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Pearl-Clutching Conservatives Call For Hershey's Boycott After They Put Trans Woman On Candy Bar

The Hershey Company faced backlash from conservatives after featuring trans woman Fae Johnstone on a limited edition 'HER for SHE' candy bar to promote International Women’s Day.

Screenshots of Fae Johnstone featured in Hershey's campaign video
@FaeJohnstone/Twitter

Conservatives called for a boycott of Hershey's candy after the American chocolate manufacturerer featured a transgender woman as part of Canada's campaign to celebrate International Women's Day on March 8.

The Hershey Company featured five limited edition “HER for SHE” candy bars–one of which featured feminist and transgender activist Fae Johnstone.

Johnstone is a co-owner and executive director of Wisdom2Action–a Canadian social enterprise and consulting firm specializing in community engagement, creative facilitation, research and evaluation, knowledge mobilization and equity, diversity and inclusion.

On Wednesday, the 27-year-old enthusiastically tweeted:

"The chocolate's out of the wrapper!"
"Honoured to be featured in this campaign by @Hersheys Canada for #InternationalWomensDay alongside 4 brilliant sisters and change-makers."

In a voiceover accompanying the clip, the LGBTQ+ advocate narrated:

"We can create a world where everyone is able to live in a public space as their honest and authentic self."

The brief video showed them presenting the candy bar packaged with an image bearing their likeness and playfully engaging with a number of other young women.

It ended with them encouraging people to:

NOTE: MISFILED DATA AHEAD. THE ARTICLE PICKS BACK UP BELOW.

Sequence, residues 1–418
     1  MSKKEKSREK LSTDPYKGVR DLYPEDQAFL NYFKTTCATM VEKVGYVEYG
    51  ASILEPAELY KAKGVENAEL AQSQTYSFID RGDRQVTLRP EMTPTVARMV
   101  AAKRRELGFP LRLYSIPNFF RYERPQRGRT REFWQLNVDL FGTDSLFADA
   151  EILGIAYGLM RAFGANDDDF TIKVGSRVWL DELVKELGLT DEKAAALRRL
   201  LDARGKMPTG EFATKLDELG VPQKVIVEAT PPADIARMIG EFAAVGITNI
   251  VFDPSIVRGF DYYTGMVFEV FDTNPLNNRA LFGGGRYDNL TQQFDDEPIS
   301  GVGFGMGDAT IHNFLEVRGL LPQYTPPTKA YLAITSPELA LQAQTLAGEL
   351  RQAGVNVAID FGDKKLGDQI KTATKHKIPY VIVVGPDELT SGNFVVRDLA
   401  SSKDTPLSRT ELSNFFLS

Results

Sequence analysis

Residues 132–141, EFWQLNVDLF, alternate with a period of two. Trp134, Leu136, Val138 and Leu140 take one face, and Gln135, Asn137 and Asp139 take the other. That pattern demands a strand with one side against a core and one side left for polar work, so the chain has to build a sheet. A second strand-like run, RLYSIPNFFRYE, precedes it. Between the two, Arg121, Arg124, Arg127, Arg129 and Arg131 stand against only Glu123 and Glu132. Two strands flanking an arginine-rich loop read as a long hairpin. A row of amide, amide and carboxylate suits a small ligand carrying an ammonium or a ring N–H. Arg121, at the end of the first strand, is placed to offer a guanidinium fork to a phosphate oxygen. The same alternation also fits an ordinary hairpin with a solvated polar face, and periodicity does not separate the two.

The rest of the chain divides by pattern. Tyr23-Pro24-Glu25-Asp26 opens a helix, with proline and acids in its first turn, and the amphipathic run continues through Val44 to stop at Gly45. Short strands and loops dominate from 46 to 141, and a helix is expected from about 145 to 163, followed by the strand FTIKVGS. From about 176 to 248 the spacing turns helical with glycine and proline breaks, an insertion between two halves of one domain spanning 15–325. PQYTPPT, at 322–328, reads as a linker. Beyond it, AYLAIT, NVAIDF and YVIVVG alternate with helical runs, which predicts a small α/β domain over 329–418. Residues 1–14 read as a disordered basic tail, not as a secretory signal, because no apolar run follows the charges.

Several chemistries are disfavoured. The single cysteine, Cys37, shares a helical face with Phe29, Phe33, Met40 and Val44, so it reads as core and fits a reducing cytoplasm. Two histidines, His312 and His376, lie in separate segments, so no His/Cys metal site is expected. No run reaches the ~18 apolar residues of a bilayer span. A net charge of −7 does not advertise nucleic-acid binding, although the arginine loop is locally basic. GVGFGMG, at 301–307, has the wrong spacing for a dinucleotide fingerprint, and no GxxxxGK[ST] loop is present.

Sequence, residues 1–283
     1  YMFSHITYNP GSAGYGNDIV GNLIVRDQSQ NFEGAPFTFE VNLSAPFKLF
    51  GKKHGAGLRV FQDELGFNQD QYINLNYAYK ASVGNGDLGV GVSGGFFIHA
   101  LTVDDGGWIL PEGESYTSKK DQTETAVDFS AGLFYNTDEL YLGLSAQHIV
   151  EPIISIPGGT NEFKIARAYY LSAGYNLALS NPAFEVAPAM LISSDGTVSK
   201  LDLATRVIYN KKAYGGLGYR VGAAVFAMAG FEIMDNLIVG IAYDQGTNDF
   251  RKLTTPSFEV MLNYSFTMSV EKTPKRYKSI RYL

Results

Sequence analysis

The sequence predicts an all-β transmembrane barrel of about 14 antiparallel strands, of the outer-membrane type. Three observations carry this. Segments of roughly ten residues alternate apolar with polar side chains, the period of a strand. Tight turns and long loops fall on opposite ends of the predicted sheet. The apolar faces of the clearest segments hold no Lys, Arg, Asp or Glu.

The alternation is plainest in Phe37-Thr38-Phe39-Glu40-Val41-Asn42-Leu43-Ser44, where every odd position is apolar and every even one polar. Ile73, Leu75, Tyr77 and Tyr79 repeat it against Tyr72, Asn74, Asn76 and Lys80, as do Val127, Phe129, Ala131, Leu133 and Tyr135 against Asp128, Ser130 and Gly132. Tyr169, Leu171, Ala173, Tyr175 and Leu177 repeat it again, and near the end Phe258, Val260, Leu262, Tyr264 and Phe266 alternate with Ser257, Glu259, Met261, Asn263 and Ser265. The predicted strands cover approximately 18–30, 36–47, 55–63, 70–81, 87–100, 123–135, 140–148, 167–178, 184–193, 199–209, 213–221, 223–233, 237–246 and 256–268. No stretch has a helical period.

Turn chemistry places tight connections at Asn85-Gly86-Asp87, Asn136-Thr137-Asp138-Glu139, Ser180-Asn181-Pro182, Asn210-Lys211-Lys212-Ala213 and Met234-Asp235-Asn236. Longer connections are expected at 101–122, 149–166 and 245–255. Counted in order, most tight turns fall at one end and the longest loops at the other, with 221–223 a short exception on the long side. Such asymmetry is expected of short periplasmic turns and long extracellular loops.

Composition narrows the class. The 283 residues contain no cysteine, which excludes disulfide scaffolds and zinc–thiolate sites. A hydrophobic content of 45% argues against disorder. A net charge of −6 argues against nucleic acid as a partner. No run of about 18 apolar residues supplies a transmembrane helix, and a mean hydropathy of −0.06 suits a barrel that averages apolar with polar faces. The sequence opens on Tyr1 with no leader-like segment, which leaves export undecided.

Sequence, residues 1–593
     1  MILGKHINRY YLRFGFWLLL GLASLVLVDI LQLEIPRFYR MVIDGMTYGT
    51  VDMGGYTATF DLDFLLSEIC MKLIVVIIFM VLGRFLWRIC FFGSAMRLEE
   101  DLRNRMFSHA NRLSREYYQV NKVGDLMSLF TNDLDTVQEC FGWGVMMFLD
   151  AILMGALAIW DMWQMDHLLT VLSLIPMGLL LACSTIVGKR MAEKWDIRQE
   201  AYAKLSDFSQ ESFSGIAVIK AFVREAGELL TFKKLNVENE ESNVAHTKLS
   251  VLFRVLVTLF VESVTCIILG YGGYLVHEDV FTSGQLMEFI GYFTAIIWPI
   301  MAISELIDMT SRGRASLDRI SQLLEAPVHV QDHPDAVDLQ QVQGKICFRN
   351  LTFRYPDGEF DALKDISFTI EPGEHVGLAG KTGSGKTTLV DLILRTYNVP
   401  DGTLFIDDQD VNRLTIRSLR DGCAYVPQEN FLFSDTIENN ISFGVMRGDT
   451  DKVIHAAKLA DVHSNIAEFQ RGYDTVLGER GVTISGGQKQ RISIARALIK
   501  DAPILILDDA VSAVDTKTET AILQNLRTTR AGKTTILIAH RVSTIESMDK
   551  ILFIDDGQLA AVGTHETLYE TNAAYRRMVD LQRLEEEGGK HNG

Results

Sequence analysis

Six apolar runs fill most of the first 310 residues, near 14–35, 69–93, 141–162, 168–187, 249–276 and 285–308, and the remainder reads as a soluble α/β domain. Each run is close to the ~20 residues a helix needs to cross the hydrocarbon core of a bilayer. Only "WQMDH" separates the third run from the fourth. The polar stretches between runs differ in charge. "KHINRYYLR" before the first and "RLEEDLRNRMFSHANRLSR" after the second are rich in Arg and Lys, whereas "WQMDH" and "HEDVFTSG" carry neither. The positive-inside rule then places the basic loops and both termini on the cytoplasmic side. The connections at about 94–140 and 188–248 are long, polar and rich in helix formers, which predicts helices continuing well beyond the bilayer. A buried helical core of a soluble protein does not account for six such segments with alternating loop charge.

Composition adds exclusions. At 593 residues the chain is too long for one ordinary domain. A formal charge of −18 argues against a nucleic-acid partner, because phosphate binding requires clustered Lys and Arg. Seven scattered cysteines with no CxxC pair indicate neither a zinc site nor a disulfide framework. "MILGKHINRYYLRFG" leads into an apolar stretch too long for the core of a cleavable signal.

"See the women changing how we see the future at Hershey's Canada."

The overall response was positive with many social media users congratulating Johnstone's announcment.




Unfortunately transphobes weren't on board with the campaign.

The loudest of the bunch were right-wing conservatives, who collectively pushed the hashtag #BoycottHershey to trend online and sparked heated debates about gender identity and transgender rights.



Hershey's responded to the uproar with a statement obtained by MarketWatch.

“We value togetherness and recognize the strength created by diversity," said a Hershey's spokesperson.

"Over the past three years, our Women’s History Month programming has been an inclusive celebration of women and their impact."
"We appreciate the countless people and meaningful partnerships behind these efforts.”

Johnstone also weighed in on conservatives raising a fuss and indicated there was still a long way to go in the fight for inclusion and equality for the LGBTQ+ community.

"The reaction to my inclusion as a trans woman in Hershey's Canada’s IWD campaign shows just how far we still have to go in the fight for feminist liberation and trans rights," tweeted Johnstone.

Their string of posts continued with Johnstone reiterating:

"I’m not going anywhere. I’m not shutting up. I will always stand up for women and girls, cis and trans."


Hershey's campaign featuring Johnstone came as South Dakota's GOP Governor, Kristi Noem, signed a new law banning gender-affirming healthcare for transgender youth—doctor monitored and parent approved healthcare.

The American Civil Liberties Union (ACLU) and ACLU South Dakota said in a joint statement the signing of the misnomered "Help Not Harm” bill was:

"a heartbreaking and tragic day for thousands of South Dakotans and their families."

However, the non-profit organization–which was founded on a mission to defend and preserve the individual rights of all Americans–maintained the fight for trans youth to receive the love, care and support they need was far from over.

They added:

"As much as Governor Noem wants to force these young people to live a lie, we know they are strong enough to live their truth, and we will always fight for communities and policies that protect their freedom to do so.”

The signing of the anti-trans law followed a similar ban passed in Utah last month and other Christian nationalist sponsored bills across the United States.